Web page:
Rheology and transport properties of the crust

Microscopic processes control crustal behaviour

The rheology and transport properties of the Earth's crust exert a strong control on its large scale geological evolution. Remarkably, these are themselves controlled by microphysical processes like crystal defect motion, recrystallization or diffusion. Of particular importance is the rate of deformation due to these processes, which is typically described by creep equations or flow laws. One of the aims of the Experimental Rock Deformation Group is to gain insight into these microphysical processes and to quantify them. This is done by performing deformation experiments at in-situ temperature and pressure in the HPT laboratory.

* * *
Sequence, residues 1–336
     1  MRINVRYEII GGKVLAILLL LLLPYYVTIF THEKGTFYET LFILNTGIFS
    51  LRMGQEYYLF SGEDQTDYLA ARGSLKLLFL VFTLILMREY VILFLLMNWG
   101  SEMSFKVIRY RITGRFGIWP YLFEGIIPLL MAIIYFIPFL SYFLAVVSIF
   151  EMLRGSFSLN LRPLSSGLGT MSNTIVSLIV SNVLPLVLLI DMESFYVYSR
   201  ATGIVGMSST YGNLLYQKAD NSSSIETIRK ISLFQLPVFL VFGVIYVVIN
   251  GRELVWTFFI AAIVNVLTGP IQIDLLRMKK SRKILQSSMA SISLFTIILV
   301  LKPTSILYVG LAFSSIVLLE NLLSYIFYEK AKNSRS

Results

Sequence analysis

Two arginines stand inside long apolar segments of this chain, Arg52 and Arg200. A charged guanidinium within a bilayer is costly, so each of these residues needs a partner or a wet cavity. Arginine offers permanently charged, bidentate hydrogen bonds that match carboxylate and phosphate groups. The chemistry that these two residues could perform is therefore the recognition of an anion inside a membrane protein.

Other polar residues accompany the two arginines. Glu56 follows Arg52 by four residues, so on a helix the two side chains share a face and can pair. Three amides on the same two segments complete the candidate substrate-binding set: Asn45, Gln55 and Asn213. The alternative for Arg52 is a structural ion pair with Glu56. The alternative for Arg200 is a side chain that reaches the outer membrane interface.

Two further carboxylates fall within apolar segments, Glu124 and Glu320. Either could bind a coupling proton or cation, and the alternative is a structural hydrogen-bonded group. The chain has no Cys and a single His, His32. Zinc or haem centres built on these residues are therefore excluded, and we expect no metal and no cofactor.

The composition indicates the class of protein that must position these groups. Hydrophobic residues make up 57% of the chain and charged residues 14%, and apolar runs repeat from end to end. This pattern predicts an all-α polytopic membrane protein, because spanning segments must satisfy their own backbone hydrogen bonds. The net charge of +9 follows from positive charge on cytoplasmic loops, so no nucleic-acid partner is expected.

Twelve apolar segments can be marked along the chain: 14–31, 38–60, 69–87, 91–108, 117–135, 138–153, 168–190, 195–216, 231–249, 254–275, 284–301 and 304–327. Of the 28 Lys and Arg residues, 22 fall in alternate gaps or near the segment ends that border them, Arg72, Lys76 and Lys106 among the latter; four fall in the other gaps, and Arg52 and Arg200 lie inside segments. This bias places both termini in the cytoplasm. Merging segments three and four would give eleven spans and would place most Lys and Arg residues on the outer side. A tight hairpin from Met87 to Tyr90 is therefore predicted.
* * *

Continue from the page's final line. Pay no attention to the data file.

Probing the microstructure of deformed rocks

An important aspect of our work is the analysis of the microstructure of deformed rocks, for which we use scanning and transmission electron microscopy and a range of spectroscopic methods (FTIR, impedance spectroscopy). Our experimental work is complemented by microphysical modelling studies. Typical results comprise relations between deformation conditions and microscopic rock properties. Our findings can be used to understand and predict phenomena such as compaction of sedimentary rocks, bulk deformation of the crust or localization of deformation in lithospheric scale fault zones.